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Used Cars and Depreciation

Used cars and depreciation go together in an inevitable and unstoppable way. As a car ages, with very limited exceptions, it declines in value. This decline is known as depreciation. The fact that a car depreciates works against sellers and in favor of buyers of used vehicles. Knowing how depreciation works and understanding how fast your car or the one you want to buy is declining in value can help you come to a fair bargain on a purchase price whether you are the buyer or the seller.

Auto Depreciation Explained

Depreciation is the simple decline in monetary value of an automobile over its useful life. If you are trying to find a good deal on a used car, it is very important to get a handle on this concept and use it to your advantage. Most buyers understand well the advantages of buying used, which include the fact that you can save money on your car insurance versus the cost of insuring the same car new. But the biggest advantage in buying new is the savings you can enjoy off of that purchase price. And this is why understanding depreciation is so important.

Many vehicle owners become emotionally attached to their cars over the course of time. This is totally natural and in fact is actually one of the more enjoyable parts of the ownership experience, unlike replacing spark plugs. However, it can also cloud the judgment of a vehicle owner looking to sell. That owner who has done such a good job taking care of a car thinks it is worth more than it really is just because they took care of it. But the value is the value, and depreciation doesn’t stop for anyone (except classic car owners).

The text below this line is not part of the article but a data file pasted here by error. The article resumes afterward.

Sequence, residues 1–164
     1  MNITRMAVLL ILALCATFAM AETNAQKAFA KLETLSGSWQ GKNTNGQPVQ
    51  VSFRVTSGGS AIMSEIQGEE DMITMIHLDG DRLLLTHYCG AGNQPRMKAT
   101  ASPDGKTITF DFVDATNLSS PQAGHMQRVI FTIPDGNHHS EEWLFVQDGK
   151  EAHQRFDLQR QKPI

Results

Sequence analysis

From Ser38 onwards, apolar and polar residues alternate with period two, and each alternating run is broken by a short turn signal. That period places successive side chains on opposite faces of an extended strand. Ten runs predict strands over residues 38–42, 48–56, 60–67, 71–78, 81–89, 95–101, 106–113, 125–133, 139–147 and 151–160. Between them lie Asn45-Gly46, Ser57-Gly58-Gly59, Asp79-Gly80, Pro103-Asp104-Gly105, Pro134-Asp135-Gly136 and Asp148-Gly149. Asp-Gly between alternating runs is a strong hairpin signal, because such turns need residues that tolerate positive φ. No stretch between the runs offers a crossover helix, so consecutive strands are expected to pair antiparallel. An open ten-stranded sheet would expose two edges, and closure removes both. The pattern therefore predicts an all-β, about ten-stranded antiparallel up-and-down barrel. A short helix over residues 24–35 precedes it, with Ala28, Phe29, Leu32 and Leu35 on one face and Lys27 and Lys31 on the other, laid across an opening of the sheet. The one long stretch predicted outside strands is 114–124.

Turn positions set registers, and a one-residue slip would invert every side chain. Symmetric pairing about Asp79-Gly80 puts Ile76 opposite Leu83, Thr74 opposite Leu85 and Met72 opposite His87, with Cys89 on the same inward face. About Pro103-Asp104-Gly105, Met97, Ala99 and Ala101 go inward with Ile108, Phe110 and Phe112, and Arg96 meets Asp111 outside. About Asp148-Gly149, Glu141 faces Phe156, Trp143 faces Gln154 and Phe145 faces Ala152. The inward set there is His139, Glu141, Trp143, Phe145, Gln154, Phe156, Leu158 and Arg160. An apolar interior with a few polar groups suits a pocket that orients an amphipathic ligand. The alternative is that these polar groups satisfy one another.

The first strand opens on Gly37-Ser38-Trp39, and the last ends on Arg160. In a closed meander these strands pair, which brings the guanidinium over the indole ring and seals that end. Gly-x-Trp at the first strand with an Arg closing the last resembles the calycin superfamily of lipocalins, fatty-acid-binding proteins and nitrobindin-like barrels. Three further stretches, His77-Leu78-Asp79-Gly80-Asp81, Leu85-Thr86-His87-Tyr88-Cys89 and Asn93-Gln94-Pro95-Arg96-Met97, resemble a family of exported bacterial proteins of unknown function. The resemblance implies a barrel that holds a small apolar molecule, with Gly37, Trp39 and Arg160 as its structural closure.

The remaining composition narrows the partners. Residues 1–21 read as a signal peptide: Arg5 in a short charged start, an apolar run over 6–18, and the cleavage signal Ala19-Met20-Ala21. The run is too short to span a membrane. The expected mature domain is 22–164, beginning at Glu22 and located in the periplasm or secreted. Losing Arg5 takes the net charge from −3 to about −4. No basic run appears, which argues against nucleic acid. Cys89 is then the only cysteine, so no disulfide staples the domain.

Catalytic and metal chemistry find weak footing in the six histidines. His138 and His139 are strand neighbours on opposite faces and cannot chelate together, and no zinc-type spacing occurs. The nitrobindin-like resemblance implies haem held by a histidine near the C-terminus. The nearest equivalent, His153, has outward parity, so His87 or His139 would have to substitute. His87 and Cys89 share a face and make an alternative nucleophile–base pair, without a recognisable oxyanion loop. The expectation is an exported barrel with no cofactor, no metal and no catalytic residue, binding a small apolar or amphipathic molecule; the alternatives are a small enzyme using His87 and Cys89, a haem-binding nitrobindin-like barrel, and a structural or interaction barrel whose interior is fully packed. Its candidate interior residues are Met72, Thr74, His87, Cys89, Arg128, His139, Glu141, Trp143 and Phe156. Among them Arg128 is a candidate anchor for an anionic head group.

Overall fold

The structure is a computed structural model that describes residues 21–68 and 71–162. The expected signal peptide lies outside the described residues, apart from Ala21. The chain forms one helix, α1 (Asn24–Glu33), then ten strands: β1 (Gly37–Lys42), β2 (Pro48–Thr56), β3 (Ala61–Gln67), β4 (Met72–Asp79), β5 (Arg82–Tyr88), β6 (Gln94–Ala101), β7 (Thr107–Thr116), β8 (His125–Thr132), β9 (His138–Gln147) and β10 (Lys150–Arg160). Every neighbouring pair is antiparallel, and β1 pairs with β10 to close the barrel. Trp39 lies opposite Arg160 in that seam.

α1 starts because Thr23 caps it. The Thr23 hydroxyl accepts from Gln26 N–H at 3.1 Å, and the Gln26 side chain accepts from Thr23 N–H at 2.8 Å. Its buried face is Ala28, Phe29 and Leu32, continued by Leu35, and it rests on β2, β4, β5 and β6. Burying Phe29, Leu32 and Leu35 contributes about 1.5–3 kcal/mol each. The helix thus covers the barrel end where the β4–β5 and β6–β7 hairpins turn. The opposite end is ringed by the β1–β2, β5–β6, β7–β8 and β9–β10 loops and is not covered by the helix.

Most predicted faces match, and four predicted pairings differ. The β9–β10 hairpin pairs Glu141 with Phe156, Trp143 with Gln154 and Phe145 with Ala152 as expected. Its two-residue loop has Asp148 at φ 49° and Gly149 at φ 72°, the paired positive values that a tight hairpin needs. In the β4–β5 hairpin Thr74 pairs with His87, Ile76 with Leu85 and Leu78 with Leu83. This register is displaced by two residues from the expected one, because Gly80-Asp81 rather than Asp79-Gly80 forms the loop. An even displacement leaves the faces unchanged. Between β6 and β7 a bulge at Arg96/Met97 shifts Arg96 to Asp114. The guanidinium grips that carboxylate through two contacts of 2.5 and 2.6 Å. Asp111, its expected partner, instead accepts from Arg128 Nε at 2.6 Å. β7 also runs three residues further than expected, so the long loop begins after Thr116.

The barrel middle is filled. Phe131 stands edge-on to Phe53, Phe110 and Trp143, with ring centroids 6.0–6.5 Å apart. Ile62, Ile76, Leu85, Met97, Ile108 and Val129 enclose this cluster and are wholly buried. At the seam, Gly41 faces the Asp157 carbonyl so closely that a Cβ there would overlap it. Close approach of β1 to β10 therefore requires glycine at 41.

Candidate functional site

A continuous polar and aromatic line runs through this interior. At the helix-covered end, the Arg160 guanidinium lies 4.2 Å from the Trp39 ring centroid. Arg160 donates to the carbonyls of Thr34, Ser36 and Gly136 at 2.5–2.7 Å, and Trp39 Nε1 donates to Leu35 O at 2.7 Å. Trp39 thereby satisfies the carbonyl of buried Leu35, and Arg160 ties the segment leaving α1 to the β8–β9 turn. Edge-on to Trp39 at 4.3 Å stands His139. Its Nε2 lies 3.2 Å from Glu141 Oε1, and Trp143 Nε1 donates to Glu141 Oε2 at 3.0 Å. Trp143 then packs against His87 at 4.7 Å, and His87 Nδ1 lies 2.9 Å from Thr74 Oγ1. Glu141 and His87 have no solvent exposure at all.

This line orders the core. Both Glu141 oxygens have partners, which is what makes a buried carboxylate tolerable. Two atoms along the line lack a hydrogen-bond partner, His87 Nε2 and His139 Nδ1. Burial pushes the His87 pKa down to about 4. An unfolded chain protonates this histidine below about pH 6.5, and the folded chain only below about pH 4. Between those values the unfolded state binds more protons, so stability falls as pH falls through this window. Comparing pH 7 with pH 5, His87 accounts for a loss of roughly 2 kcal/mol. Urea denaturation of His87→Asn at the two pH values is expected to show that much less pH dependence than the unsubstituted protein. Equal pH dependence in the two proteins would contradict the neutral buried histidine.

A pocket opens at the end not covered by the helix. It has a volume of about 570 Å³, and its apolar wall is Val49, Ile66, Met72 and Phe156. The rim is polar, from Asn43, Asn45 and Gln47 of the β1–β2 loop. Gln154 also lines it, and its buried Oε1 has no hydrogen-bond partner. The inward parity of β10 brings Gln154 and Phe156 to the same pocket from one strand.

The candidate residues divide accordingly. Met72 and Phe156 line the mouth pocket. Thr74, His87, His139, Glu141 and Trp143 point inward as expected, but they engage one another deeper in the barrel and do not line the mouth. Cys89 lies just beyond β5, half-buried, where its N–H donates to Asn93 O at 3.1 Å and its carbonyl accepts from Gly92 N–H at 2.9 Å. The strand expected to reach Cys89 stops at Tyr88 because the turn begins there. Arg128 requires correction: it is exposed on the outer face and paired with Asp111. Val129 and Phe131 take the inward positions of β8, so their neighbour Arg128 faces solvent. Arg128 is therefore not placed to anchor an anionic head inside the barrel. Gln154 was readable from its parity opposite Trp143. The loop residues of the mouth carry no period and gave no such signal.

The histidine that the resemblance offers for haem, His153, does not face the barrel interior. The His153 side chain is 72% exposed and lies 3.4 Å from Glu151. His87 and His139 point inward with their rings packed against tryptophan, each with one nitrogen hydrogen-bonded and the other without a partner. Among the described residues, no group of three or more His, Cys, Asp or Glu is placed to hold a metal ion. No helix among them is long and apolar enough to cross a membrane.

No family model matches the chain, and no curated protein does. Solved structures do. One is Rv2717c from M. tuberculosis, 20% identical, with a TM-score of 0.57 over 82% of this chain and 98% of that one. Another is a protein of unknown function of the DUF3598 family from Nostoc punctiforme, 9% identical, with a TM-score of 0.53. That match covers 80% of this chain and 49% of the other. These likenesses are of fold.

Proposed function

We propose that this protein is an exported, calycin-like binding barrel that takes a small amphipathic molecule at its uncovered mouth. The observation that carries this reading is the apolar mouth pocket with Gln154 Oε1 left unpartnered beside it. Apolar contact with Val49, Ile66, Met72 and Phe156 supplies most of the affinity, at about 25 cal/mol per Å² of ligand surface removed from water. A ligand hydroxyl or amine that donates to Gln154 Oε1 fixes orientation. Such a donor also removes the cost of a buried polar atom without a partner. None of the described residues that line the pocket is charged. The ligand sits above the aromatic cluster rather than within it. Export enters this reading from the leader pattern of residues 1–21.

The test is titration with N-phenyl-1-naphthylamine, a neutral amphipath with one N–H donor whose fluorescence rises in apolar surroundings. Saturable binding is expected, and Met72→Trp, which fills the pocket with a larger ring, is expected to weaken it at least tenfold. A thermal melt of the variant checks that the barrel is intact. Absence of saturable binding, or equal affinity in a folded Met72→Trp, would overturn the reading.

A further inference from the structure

Best Values on Used Cars

As a general rule, a vehicle is going to lose around 15 to 20 percent of its value every year. This is why a two or three year old vehicle, even a low miles machine in great shape, is really only worth half of the original MSRP. The seller in this scenario remembers how much he paid for the car and knows that it is in near mint; but the seller knows that if she really wanted to pay that much, she’d just go to the dealer and buy new.

According to this basic rule of thumb, a truck that’s a year old might be worth 80 or 85 percent of its original value; and a four year old truck might be worth around 80 to 85 percent of its value as a three year old vehicle. This process is not perfectly linear; as the car ages, the monetary amount of average depreciation goes down because the overall value of the vehicle goes down. These are just averages and there are definitely some variances with some automobiles holding their value better due to higher quality, stronger demand, or other reasons. But the biggest hit comes in the first year, with the brand new machine worth a lot less than you paid for it as soon as you take possession. We pay retail for cars, but as soon as we leave the lot with them, all they are worth is essentially wholesale, which is the amount the dealer would pay to buy them back.

Getting a good value on a used car as a buyer requires understanding used vehicle depreciation and realizing that even a well maintained machine is still subject to this decline. And for sellers, understanding depreciation gives them more realistic expectations for what they might be able to fetch when selling their used vehicles.


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